• July 15, 2020

How a Customer Centric Supply Chain Leads Business to Outperform Their Competitors

  • By Stephanie Chan

Written by Stephanie Chan, July 14, 2020

What is Customer Centric Supply Chain?

Traditionally supply chains are built to drive efficiencies and scale, but in recent years these two things are not enough to deal with the increased complexity and autonomy in the marketplace. Especially during Covid-19, some of the supply chain problems that were revealed include, poor ecosystem (lacking the right partner), limited flexibility, and an outdated technology architecture that stifles collaboration and co-innovation, as highlighted in a report by Accenture titled “A License for Growth: Customer-centric supply chains”.

With fierce competition within the retail industry one of the only ways to gain competitive advantages hinges around customer satisfaction. It requires businesses to orient their strategies toward matching supply and demand, with the ultimate goal to drive down costs, raise quality and improve customer satisfaction at the same time. And the term “Customer Centric Supply Chain” was coined to reflect this new approach.

Why is it Important? 

A higher customer satisfaction rate will lead to increased transactions, reduced price elasticity, reduced transaction costs, willingness to purchase, and ultimately drive a retailer’s success. As the recent Accenture report pointed out, only 10% of companies were on the right path to building customer-centric supply chains that are resilient and enable growth prior to the COVID-19. They further discussed how the revolving role of supply chains now support lasting growth. In a similar manner, a research paper by Dr. Pankaj M. Madhani from ICFAI Business School looked at the perks of such a strategy and its edge over traditional supply chains. In the chart below, four different competitive priorities of a traditional vs a customer centric supply chain are being compared.

 

 

Responsiveness

Supply chain responsiveness can also be referred to as “agility”, which enables businesses to better match supply and demand, thus effectively reducing inventory and transportation cost. It also means proactively anticipate changes in the system while looking for new opportunities.

Resiliency 

Supply chain resiliency is the ability for a business to sustain its competitive advantage in a volatile market place with many uncertainties, unexpected challenges and changes. Supply chains that are resilient can adapt to changes in the external environment while those who are not will lose out in business. From Dr. Pankaj M. Madhani’s paper, he used the example of Gap leveraging three different sourcing networks for its Old Navy, Gap, and Banana Republic stores. While the diversified solution is much more expensive in the short term, it serves as a preventive solution against any isolated problems that may arise in any one of the regions.

Reliability 

Supply chain reliability is the ability to deliver the right product at the right time to the right customers. This is certainly an attribute that was lacking in the global supply chain when Covid-19 swept across the global and many essential products were in short supply. Being reliable not only means able to stay afloat amid disruptions, it also means gaining customers’ loyalty and trust.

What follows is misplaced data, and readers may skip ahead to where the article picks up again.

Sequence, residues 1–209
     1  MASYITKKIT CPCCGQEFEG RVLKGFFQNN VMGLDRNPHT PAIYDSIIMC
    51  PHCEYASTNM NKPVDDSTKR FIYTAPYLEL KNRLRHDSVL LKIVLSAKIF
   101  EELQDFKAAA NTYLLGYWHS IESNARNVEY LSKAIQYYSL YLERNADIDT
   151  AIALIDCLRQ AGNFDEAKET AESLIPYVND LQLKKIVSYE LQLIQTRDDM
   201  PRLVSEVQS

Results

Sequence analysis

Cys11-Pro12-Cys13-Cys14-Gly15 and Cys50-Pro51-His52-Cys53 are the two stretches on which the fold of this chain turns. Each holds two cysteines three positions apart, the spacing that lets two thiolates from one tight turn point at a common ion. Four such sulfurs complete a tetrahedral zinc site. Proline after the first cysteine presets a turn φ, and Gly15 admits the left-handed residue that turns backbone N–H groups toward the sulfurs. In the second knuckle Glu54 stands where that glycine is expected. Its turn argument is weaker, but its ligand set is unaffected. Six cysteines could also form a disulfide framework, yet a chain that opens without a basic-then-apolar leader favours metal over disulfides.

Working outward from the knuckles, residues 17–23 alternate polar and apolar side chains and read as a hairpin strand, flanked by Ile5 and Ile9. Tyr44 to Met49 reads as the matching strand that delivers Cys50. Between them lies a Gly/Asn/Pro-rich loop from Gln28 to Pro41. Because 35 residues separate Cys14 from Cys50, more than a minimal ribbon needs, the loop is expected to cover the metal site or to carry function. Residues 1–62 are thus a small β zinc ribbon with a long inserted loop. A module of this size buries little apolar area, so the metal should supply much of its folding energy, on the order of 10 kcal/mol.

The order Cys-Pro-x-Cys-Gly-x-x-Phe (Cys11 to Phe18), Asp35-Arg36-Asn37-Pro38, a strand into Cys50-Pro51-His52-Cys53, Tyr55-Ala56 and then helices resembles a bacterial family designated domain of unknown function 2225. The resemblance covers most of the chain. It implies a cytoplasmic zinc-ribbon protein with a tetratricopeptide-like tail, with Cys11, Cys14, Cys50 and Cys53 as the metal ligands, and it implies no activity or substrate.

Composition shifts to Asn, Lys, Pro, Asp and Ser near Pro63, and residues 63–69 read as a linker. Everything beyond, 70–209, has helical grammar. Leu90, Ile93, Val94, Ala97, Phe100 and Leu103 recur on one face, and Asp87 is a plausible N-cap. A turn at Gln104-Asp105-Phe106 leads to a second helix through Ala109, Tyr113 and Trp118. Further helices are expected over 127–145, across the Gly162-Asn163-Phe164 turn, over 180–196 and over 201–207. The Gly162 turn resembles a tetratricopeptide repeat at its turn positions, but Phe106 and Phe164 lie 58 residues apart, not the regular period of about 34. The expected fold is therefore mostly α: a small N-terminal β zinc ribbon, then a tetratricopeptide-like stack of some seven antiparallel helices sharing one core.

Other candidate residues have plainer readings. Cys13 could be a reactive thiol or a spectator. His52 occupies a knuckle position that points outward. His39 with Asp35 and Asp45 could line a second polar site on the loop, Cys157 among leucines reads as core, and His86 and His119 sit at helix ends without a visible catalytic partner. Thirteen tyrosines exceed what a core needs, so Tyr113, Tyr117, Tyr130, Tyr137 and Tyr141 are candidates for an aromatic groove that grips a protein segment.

Realignment 

Supply chain realignment is the ability to check in with all stakeholders within the network and make sure that everyone has the same interest in mind. It creates the incentive for better performance, and it is powered by data transparency, and free information exchange between different parties. It suggests a supply chain co-creation network where everyone shares the same amount of benefits and risks.

 

CCSCS – Developing the 4Rs Framework 

Dr. Pankaj M. Madhani proposed a strategic framework called the Customer-Centric Supply Chain Strategy with all the competitive priorities in mind and how they connect to enhance customer satisfaction.

 

 

 

 

 

 

 

 

 

 

 

Figure1. CCSCS developed by Dr. Pankaj M. Madhani to address the 4R as competitive priorities in a Customer Centric Supply Chain.

 

 

 

 

 

 

 

 

 

 

 

 

 

Figure2. Diagram showing how CCSCS plays a role in customer value proposition against the other stakeholders.

 

Conclusion

Customer Centric Supply Chain’s have become the new competitive advantage in which businesses can gain success. The CCSCS is a theoretical framework proposed by Dr. Pankaj M. Madhani to enhance customer satisfaction and support company growth in the long-term. Accenture’s analysis showed that 10% of supply chain leaders who leveraged this strategy have outperformed their competitors in revenue (13% growth compared to 5% decline for all other companies) and their supply chain contribution to total revenue was TRIPLE that of other companies (52% vs 17%). While the 4Rs are important to customer success, there are other things that will help, including developing targeted capabilities for specific segments of products and customers, engaging top leaders who will be driving these supply chain discussions. Ultimately, we should remember that a Customer Centric Supply Chain is not just about fixing one part of the system or adding more technology atop an existing framework, but is the harmonization of all the processes, people, culture, and customers’ needs.

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